Friday, May 8, 2009

Music and Its Effects on Teenagers

Music, by definition, is “the science or art of ordering tones or sounds in succession, in combination, and in temporal relationships to produce a composition having unity and continuity” (Webster 781). This particular form of art has transcended time, serving as a form of expression used by people of every cultural background in nearly every country in the world; most importantly, in that of American society. There aren’t many people in this free world who don’t listen to some form of it. Among those individuals stand the emerging species known as the youth of America. Music, itself, has undergone dramatic changes over time, as it continues to evolve along with its creators and listeners. It’s not so much the music alone, but the lyrics entwined in it, that has gained perhaps the most attention. Ever since the introduction of rock and roll music more than forty years ago, music lyrics have become a national issue of controversy and concern. During the past four decades, rock music lyrics have become increasingly explicit, involving references to sex, drugs, and violence. Now, as America enters into a new millennium, the core of youth culture is finding itself surrounded by this “pop rock” phenomenon, a sensation that is ever so increasingly serving as a strong impact on the lives and often the behavior of the young people in society. The evidence is clear and concise, that the influence this music has, particularly on children and teenagers, is becoming greater than ever; unfortunately, it is not always in a positive manner.

In order to allow for a greater understanding of pop music’s role in adolescent culture, one needs a better understanding of adolescence itself and how the particular stage in human development affects the brain. Many think of adolescence as the teenage years, but experts in child development tend to say that age ten marks the beginning of this time in life. It is also suggested that the easiest way to tell if a child has reached adolescence is to notice whether or not he or she has developed a passion for popular music. Once this “passion” occurs, the mind, mood, and overall emotional state of adolescents becomes increasingly affected (O’ Toole 1). “Music alters and intensifies their moods, furnishes much of their slang, dominates their conversations, and provide the ambiance at their social gatherings. Music styles define the crowds and cliques they run in. Music personalities provide models for how they act and dress” (O’Toole 2). Adolescents use music most to control mood and enhance emotional states. Music can make a bad mood better and allow teenagers to escape them; the same fact goes for people of all ages. However, teenage moods are more susceptible to becoming negatively enhanced. So it allows reason to believe that music lyrics about suicide and violence have occasionally led troubled youth to commit suicide or violent crimes, which proves that the music they are listening to, does effect their behavior (O’Toole 4). Dr. Norman Weinberger, a professor of neurobiology with the University of California, says several important findings show that "music can color our transactions with the world. Our thinking and behavior are colored by music, which seems to have direct and unconscious access to the brain. Furthermore, music does not necessarily create emotions but provides a trigger for the release of emotions already present” (O’Toole 4). This belief of possible behavioral effects has also been linked to educational performance. The relationship between school grades and the music a particular student listens to may or may not be closely related. Studies have indicated that early school achievement has an influence on musical taste later on, however, not the other way around. Believing otherwise, “only comes from common teenage stereotypes” (O'Toole 3-4).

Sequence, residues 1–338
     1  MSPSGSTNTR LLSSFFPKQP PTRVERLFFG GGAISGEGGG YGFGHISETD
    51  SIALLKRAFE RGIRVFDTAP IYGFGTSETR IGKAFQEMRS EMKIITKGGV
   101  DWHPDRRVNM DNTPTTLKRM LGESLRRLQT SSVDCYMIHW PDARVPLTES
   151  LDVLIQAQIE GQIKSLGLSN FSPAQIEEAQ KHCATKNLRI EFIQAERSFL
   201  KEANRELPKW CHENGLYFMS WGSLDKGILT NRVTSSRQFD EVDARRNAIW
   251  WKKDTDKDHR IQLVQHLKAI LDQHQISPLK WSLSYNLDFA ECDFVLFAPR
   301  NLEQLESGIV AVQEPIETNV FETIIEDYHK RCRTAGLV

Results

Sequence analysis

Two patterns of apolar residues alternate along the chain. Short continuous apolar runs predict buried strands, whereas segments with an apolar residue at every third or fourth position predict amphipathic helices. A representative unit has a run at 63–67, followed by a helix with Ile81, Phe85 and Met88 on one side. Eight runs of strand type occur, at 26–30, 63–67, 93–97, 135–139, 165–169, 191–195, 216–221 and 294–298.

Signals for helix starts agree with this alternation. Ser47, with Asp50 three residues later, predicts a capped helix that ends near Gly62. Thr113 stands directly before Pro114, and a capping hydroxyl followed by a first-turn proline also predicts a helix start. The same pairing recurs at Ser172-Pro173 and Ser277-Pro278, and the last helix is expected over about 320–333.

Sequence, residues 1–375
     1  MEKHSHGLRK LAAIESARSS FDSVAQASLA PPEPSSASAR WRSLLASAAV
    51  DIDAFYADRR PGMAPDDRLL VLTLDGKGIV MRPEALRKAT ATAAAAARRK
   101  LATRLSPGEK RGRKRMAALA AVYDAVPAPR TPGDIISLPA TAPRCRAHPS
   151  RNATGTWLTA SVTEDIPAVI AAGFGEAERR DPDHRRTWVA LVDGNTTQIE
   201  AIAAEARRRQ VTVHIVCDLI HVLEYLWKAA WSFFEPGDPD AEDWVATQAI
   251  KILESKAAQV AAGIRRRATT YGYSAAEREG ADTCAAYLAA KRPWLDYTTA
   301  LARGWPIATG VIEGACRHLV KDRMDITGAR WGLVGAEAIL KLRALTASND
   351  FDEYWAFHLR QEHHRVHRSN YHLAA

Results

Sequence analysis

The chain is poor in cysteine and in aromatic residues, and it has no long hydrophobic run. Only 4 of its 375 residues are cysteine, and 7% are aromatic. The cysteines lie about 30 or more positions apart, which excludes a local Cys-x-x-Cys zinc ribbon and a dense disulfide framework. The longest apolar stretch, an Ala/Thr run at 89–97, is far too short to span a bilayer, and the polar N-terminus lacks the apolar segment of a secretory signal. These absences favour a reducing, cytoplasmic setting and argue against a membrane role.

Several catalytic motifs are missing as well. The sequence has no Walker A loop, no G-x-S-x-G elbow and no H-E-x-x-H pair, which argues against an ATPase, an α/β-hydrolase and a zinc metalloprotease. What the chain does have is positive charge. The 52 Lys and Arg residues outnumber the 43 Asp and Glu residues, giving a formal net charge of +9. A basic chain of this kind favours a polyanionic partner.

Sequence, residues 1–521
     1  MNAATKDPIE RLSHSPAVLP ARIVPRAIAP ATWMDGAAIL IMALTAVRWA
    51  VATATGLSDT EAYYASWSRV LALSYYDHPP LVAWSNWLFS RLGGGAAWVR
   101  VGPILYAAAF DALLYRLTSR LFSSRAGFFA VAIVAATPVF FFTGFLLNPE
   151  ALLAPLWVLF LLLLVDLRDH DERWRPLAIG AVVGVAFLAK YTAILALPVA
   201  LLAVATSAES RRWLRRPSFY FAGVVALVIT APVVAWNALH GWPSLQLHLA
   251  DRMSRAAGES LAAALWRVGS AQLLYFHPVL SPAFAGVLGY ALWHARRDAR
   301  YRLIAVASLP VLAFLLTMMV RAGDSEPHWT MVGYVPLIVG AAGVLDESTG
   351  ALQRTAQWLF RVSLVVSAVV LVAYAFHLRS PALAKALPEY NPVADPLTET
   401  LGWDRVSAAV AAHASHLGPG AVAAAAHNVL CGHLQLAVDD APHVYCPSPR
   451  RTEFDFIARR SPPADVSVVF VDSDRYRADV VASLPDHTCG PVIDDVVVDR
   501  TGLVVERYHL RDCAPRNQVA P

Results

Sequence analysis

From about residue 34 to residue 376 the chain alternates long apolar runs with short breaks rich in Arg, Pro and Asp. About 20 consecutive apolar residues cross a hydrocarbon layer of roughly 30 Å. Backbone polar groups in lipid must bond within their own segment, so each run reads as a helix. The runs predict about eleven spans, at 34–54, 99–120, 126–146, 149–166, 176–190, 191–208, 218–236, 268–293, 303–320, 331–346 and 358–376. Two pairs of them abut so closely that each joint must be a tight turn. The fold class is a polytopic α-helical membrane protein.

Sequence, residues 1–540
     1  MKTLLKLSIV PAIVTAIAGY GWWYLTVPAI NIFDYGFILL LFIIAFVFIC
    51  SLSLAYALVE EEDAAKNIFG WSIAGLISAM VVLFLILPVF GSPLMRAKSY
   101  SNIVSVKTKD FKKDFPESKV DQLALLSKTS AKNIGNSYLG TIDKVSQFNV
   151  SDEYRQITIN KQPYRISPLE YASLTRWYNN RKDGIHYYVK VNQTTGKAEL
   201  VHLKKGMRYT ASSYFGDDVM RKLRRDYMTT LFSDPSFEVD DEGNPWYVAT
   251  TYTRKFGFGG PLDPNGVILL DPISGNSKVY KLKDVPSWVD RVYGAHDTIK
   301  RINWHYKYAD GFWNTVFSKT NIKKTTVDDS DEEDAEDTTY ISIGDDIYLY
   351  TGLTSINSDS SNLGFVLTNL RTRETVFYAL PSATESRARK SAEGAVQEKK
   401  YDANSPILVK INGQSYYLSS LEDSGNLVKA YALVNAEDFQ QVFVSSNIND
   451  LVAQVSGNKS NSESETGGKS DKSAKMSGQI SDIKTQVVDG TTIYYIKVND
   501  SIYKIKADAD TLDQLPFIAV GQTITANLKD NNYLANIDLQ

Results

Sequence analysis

Whether it involves a newborn baby listening to a nighttime lullaby, a middle-aged housewife humming the melody of a classic love ballad, or a teenage student bopping his head to the latest “gangsta rap joint,” music is a major part of the everyday lives of people all over the world. Today, this growing appeal for music is at its peak, and society’s fascination is greater than ever. Music, however, means so much more to teens than it does to anyone else. "Adolescents use music to gain information about the adult world, to withdraw from social contact, to facilitate friendships and social settings, or to help them create a personal identity” (O’Toole 5). Many factors contribute to this growing appeal. One factor that affects adolescent appeal is gender. Males and females differ greatly in how much they like various music genres. Females tend to show more attention to pop music and “black music,” including rap and hip-hop, and show a strong dislike for hard rock and heavy metal. Males generally are attracted to mainstream pop less than females. They commonly think of pop music as “hip and uncool.” Gender, however, plays only a minor role in the genre of music that appeals to teens. Race continues to be a factor in musical taste, especially in today’s world. African Americans stand as raps strongest fans, but this is often referred to as a stereotypical conclusion. It appears today that rap is at its highest point, and its appeal is forever growing. Rap music is now appealing to white Americans just as much as it does to African Americans. (Leeds 8). Another factor that contributes to music appeal, perhaps one of the strongest, is social background and environment. Where a child lives, how one was brought up, and the overall atmosphere that surrounds them does affect the kind of music one may listen to. Lastly, personality and a teen’s well-being plays a major role in music preferences and what kind of affect it has on them. Music is not usually a danger for a teenager whose life is happy and healthy. However, troubled or disturbed teens often turn to styles of music that may express the same kind of rage or emotions they are experiencing, and most of the time that kind of music offers violent and harmful solutions to problems they may be having (AACAP 1). Therefore, whether its gender, race, one’s well-being or background, factors of appeal when it comes to music fascination, vary with every teen, but without a doubt it proves just how much of an impact music has on adolescents.